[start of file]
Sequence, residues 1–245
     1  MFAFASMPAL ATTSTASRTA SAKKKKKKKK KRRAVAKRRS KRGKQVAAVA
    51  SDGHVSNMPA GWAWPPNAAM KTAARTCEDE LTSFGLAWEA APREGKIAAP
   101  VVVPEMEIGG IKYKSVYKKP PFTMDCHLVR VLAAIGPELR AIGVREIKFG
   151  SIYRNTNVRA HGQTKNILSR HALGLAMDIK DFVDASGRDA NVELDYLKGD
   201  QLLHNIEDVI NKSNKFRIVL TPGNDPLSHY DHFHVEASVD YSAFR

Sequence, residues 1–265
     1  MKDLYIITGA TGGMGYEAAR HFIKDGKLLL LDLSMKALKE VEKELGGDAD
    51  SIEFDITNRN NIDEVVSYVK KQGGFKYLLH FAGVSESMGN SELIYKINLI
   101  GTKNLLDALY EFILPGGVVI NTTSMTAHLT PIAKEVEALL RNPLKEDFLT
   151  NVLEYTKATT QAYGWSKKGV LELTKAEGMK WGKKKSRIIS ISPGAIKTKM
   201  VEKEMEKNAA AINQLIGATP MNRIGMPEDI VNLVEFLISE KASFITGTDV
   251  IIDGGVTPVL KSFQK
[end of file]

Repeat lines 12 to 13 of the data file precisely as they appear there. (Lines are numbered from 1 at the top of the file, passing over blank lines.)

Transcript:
   201  VEKEMEKNAA AINQLIGATP MNRIGMPEDI VNLVEFLISE KASFITGTDV
   251  IIDGGVTPVL KSFQK